The National Academy of Engineering (NAE) on Oct. 6 honored UConn’s Dr. Cato T. Laurencin for his extraordinary impact on the engineering profession. Laurencin received the Simon Ramo Founders Award for his research contributions and leadership in engineering.
Laurencin is known worldwide as a leader in biomaterials, nanotechnology, stem cell science, drug delivery systems, and a field he has pioneered, regenerative engineering. He is being recognized with the Simon Ramo Founders Award “for fundamental, critical, and groundbreaking scientific advances in the engineering of tissues, guiding technology and science policy, and promoting diversity and excellence in science.” The award acknowledges outstanding professional, educational, and personal achievements to the benefit of society and includes a commemorative medal.
At UConn, Laurencin is the University Professor, the eighth to be designated by the school in its over 135 year history. He is professor of chemical and biomolecular engineering, materials science and engineering, and biomedical engineering; the Albert and Wilda Van Dusen Distinguished Endowed Professor of Orthopaedic Surgery; and CEO of the Connecticut Convergence Institute for Translation in Regenerative Engineering.
Laurencin has produced seminal studies in a number of areas of engineering and science. In fact, he and his colleagues were the first to develop nanofiber technologies for tissue regeneration, and his group pioneered the development and understanding of polymer-ceramic systems for bone regeneration. The American Institute of Chemical Engineers cited this achievement when naming him one of the 100 Chemical Engineers of the Modern Era. In 2016, Laurencin was selected for the National Medal of Technology and Innovation, the highest honor bestowed in America for technological achievement, presented by the president of the United States, “for seminal work in the engineering of musculoskeletal tissues, especially for revolutionary achievements in the design of bone matrices and ligament regeneration.”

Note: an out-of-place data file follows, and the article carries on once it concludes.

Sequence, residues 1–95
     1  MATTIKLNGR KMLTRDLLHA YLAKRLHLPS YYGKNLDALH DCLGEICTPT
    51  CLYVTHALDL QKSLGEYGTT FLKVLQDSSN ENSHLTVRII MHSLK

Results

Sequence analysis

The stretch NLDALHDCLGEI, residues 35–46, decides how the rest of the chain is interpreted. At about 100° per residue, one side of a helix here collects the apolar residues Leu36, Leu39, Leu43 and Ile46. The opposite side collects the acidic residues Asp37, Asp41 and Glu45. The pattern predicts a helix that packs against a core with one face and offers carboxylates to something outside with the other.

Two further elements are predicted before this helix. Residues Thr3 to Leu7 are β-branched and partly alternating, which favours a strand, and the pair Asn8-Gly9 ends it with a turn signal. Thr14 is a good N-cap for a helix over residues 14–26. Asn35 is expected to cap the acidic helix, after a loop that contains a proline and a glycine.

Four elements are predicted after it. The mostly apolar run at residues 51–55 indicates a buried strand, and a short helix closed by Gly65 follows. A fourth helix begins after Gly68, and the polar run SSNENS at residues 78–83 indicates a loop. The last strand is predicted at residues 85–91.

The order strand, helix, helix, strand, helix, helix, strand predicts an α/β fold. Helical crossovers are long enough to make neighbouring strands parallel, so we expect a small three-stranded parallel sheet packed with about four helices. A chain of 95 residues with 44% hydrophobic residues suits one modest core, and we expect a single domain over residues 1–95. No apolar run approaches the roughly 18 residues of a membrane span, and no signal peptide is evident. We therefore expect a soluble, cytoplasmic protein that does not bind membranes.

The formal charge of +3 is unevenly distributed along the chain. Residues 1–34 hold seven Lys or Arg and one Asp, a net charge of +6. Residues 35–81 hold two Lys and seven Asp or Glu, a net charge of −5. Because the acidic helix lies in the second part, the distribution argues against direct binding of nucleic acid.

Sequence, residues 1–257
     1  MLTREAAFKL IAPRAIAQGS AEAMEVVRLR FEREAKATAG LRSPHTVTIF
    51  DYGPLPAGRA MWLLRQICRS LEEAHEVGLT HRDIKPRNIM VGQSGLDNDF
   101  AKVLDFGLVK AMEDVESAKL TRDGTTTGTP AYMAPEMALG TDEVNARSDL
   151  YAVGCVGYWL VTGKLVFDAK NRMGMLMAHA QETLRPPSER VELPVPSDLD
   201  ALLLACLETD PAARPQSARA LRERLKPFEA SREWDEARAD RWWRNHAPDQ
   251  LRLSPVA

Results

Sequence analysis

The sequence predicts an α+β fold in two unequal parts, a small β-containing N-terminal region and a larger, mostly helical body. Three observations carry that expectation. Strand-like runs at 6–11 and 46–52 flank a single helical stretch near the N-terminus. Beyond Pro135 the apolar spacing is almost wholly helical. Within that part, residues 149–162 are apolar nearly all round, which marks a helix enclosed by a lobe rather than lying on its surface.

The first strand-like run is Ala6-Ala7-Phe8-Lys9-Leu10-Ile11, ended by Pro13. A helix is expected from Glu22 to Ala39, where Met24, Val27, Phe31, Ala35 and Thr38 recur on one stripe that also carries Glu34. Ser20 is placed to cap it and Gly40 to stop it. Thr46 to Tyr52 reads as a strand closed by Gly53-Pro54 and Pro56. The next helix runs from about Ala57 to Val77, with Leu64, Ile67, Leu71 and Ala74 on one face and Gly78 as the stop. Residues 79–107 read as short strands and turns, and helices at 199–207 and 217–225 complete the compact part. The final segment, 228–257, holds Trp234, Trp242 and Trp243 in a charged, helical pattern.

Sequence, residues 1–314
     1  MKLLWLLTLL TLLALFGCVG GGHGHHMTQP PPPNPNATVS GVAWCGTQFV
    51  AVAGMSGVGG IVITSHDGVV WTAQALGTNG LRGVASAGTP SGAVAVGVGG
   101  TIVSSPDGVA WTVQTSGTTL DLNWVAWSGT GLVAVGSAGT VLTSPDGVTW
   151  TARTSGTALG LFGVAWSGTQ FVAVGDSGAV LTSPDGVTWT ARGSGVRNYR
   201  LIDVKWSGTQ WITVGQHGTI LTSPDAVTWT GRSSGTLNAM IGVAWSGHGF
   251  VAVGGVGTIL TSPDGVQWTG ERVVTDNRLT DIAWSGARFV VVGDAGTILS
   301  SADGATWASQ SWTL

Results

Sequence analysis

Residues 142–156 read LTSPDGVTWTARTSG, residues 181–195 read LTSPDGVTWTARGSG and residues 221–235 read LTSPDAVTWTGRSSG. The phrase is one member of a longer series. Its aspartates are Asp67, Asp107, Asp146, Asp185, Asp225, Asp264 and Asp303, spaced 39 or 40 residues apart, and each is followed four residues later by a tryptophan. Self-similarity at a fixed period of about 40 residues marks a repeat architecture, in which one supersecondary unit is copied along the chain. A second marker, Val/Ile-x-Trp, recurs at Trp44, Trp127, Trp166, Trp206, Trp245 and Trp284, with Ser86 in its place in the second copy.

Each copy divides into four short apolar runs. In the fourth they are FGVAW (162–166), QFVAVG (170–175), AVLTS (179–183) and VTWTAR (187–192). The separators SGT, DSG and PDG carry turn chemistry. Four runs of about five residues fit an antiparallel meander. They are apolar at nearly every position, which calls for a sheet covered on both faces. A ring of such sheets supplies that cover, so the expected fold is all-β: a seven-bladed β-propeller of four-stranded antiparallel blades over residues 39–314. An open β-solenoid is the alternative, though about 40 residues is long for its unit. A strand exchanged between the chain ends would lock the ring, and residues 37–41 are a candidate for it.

He has received the National Institutes of Health (NIH) Director’s Pioneer Award and the National Science Foundation (NSF) Emerging Frontiers in Research and Innovation Grant Award for his field of regenerative engineering. He is the recipient of the Philip Hauge Abelson Prize from the American Association for the Advancement of Science “for signal contributions to the advancement of science in the United States.” He has served in leadership positions at NIH, NSF, and the FDA.
Laurencin is an elected member of the NAE, National Academy of Medicine, and the American Academy of Arts and Sciences, and is a fellow of the National Academy of Inventors and the American Association for the Advancement of Science. Internationally, he is an elected fellow of the African Academy of Sciences, National Academy of Sciences of India, Indian National Academy of Engineering, and the World Academy of Sciences, as well as an academician and elected member of the Chinese Academy of Engineering.
Laurencin received his B.S.E in chemical engineering from Princeton University, and his Ph.D. in biochemical engineering/biotechnology from the Massachusetts Institute of Technology while at the same time received his M.D., magna cum laude, from the Harvard Medical School.